WebMD's acquisition of the patient engagement platform Avado means that a mobile healthcare app could finally fulfill three of the four ingredients for success, a healthcare consultant contends in a blog post on HL7 Standards.
To be successful, digital patient engagement must allow for communication among patients, providers and other patients and be able to continuously access and incorporate outside data in a meaningful way, writes Leonard Kish, principal at VivaPhi, a business consultant firm. Mobile health apps also must engender trust on how data will be used and include incentives for continued use.
It's rare for startup mHealth companies to have more than one or two of the four components, he says. But WebMD has "reach, trust and communications ability," and already has more than 20 million mHealth downloads, Kish writes. Avado has a patient-physician communication platform that works with apps and supports BlueButton and direct messaging. It could potentially connect patient and physician communities in a single communications platform, he writes.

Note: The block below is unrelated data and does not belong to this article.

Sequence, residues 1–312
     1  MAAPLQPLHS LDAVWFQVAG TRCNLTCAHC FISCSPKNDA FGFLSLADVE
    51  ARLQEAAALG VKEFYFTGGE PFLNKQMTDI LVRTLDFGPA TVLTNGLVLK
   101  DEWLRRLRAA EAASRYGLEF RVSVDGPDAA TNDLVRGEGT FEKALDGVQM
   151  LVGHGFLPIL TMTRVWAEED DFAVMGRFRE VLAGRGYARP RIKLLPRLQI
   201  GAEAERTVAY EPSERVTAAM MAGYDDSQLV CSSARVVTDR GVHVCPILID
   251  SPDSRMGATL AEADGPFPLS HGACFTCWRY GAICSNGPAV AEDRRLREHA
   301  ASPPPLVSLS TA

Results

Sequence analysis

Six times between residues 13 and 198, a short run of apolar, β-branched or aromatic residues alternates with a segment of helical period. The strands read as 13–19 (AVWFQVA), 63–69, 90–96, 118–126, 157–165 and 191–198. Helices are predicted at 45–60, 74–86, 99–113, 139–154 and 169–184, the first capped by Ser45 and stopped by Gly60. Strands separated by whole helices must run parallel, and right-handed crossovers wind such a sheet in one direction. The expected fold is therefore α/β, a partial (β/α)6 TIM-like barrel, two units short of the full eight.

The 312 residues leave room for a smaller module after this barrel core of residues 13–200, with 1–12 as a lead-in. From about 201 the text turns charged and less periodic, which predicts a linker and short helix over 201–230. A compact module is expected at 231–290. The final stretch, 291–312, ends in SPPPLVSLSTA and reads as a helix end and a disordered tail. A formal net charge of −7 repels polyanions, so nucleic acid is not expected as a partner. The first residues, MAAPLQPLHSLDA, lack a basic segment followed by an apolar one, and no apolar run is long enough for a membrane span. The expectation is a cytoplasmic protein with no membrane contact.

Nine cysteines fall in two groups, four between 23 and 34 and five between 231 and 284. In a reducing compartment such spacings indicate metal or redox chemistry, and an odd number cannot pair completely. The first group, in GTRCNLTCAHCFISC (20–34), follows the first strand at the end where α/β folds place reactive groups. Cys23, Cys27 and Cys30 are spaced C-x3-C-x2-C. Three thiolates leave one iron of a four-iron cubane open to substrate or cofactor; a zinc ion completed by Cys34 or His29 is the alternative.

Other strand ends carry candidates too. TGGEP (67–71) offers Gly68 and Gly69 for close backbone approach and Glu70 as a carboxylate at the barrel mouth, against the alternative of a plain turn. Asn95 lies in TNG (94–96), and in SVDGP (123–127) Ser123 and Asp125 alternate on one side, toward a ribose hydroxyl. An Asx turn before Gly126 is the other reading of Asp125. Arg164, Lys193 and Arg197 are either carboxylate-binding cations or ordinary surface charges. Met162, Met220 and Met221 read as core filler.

"Done right, this could be a tipping point for BlueButton if Avado and WebMD can really make it valuable in a workflow," he writes. "Data is only the starting point to decisions and action, but it's also the foundation. Meanwhile, all the content from WebMD and Medscape could work to provide more meaning and context to communications."
A study from the IMS Institute for Healthcare Informatics recently found that "the vast majority of available apps has limited functionality or evidence of value in advancing healthcare provision and outcomes," FierceMobileHealthcare reports.
Of the 43,000-plus health-related apps available on the Apple iTunes app store, only 16,275 are directly related to patient health and treatment, the report found. Few address the serious needs of patients 65 and older with multiple chronic diseases. Most are information-only.
Meanwhile, WebMD Health and the 19 other most popular health, wellness and fitness apps are actively sharing user data with as many as 70 third-party companies, primarily advertising and analytics companies, according to a blog post from web analytics and privacy group Evidon. That could create a barrier to the "trust" prong cited by Kish.
As for the WebMD-Avado marriage, the strategy to start by enabling transactions and build to a point where physicians prescribe and embed apps is sound, Kish writes.
"If they can find trusted, effective and addictive apps focused on the user experience, and prove the efficacy," he writes, "they'll have something."